The current process for diagnosing Alzheimer’s is a huge hurdle standing in the way of a breakthrough.
I’m a card-carrying member of the capitalism fan club. Capitalism is the best system ever devised for harnessing self-interest to drive innovation and fuel economic growth.
But let’s face it: Capitalism is not good at meeting the needs of the very poor. Entrepreneurs and investors generally don’t sink their time, treasure, and talent into developing products for people who can’t afford to pay for them.
Government can offer services where the market does not and thus offer a safety net. But many governments do not take the long view, because of the short length of election cycles. And it’s hard for rich governments to justify big investments in research that may only benefit people in far-off countries—and they’re not well suited to bringing successful ideas to market.
When you come to the end of the innovations that business and government are willing to invest in, you still find a huge unexplored space of innovation where the returns can be fantastic. This space is a fertile area for what I’ve called “catalytic philanthropy.”
There are innovations out there that could generate earth-shaking returns. But if you’re in the private sector, you can’t even look at these investments because the returns won’t come to the innovator; they’ll go to poor people or society generally. The magic of philanthropy is that it throws off that constraint.
When Melinda and I made our first big grant for malaria research, it doubled the amount of money spent on it worldwide—not because our grant was so big, but because malaria research was so grossly underfunded. Thanks to a decade of intensified efforts, more than one million young children who would have died from malaria are alive today. And bigger wins in malaria are still to come. Melinda and I are optimistic that the world will have an approved malaria vaccine within a few years, which will start the countdown to eradicating malaria altogether.
You don’t necessarily need to find a problem that’s been missed. You can also discover a strategy that has been overlooked. Take our foundation’s work in education. Government spends huge sums on schools. The state of California alone budgets roughly $68 billion annually for K-12, more than 100 times what our foundation spends in the entire United States. How could we have an impact on an area where the government spends so much?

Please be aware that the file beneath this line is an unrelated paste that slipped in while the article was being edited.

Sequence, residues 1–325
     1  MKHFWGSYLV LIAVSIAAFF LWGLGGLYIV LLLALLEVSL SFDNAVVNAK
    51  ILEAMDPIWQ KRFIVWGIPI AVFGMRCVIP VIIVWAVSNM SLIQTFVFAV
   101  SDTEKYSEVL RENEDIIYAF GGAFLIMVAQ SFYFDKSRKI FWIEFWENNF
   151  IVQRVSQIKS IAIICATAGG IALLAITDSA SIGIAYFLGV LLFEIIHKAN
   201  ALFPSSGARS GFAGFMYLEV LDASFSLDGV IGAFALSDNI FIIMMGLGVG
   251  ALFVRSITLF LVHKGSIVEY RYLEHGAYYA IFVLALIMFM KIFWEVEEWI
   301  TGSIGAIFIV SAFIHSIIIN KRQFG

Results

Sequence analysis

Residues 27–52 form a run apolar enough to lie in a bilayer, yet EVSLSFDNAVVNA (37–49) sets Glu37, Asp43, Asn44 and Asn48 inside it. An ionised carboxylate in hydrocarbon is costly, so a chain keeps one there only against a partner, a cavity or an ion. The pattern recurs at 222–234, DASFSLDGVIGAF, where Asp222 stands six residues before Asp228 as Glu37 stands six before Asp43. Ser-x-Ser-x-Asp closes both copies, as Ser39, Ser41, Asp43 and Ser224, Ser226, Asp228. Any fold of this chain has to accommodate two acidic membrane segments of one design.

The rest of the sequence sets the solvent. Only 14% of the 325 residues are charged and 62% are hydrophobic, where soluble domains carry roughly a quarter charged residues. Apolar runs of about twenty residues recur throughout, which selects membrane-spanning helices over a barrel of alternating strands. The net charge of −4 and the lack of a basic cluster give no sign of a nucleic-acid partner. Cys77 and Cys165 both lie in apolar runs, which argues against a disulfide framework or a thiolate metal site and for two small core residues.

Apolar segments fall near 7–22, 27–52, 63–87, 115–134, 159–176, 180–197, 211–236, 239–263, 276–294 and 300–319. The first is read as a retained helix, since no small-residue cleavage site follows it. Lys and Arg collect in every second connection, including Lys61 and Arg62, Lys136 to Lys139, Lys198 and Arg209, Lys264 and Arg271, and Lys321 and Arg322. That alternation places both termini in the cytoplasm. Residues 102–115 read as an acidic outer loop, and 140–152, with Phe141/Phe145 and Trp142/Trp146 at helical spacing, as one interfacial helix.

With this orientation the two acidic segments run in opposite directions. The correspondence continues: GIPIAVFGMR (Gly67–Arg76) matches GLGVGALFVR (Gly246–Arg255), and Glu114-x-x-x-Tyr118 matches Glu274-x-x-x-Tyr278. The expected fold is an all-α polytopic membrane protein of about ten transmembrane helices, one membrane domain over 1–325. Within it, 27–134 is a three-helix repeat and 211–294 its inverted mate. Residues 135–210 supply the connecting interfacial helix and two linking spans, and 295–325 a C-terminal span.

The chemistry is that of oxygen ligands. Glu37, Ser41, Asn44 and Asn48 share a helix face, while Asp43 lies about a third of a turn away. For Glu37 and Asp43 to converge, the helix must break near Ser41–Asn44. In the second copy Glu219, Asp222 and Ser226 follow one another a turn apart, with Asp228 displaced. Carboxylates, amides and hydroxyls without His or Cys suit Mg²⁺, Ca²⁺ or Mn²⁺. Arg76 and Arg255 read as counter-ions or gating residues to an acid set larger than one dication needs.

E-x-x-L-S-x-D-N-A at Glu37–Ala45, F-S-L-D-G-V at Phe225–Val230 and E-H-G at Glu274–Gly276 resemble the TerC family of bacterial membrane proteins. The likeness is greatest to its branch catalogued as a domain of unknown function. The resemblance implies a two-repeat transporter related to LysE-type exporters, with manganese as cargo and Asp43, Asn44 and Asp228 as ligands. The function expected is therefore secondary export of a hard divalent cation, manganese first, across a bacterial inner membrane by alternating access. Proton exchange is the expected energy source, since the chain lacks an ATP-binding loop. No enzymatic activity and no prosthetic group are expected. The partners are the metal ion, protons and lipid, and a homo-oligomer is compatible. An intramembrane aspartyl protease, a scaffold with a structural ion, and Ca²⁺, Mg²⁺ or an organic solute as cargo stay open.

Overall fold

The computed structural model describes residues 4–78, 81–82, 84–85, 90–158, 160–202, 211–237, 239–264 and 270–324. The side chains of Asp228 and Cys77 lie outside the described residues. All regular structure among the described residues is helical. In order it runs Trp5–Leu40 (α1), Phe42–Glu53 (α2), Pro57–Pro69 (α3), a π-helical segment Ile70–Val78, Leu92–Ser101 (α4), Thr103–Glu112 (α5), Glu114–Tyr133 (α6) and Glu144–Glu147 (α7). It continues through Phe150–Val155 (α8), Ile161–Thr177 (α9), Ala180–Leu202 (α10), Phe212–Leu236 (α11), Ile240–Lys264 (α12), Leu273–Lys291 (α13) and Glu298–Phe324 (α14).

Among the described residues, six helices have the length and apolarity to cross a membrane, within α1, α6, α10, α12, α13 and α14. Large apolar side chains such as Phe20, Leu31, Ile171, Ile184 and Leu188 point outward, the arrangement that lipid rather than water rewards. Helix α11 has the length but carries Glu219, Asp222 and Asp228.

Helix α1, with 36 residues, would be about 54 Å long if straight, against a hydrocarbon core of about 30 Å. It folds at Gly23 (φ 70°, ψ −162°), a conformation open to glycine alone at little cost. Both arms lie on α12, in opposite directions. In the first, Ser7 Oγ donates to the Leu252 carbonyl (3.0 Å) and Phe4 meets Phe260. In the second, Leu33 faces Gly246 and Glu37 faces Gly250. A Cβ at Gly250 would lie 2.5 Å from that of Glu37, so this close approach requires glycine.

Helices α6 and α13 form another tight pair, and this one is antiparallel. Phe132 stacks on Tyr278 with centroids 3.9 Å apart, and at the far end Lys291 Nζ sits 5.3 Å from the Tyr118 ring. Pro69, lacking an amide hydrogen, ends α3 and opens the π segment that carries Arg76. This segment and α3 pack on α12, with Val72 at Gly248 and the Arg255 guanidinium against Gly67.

We looked for a new approach. To me one of the great tragedies of our education system is that teachers get so little help identifying the most effective teachers and then figuring out how well they measure up. As we talked with teachers about what they needed, it became clear that a smart application of technology could make a big difference. Teachers should be able to watch videos of the best educators in action. And if they want, they should be able to record themselves in the classroom and then review it with a coach. So now we’re working with teachers and a number of districts around the country to set up systems that give teachers the feedback and support they deserve.
With much of what we do, our goal is to provide seed funding for various ideas. Some will fail. The ones that prove out can get further support from other backers. We fill the function that government cannot—making a lot of risky bets with the expectation that at least a few of them will show some success. At that point, governments can invest in innovations that have some track record, a much more comfortable role for them.
We hope to draw in not just governments but also businesses, because that’s where most innovation comes from. That’s what we’ve done in the field of vaccine development by setting up a system to make market incentives work in our favor. We told pharmaceutical companies that we would guarantee purchases of certain vaccines if they succeeded in delivering them—offering them reasonable (but not blockbuster) return on their R&D investments. And as we proved the value of this approach, governments put in money to add to the market incentives, and some drug companies began to work poor-world diseases into their business model.
Melinda and I did not invent catalytic philanthropy. The core concepts have been around at least 100 years, when the Rockefeller family stepped in to fill the gap between government and business and catalyzed the elimination of hookworm disease in the United States.
While the concepts are a century old, the formula remains as useful as ever. I encourage anyone who wants to make a meaningful difference at the local, national, or global level to look at the big opportunities businesses and governments leave untouched. If you’re able to forgo big financial returns and accept some risks, you’ll find enormous opportunities for improving lives.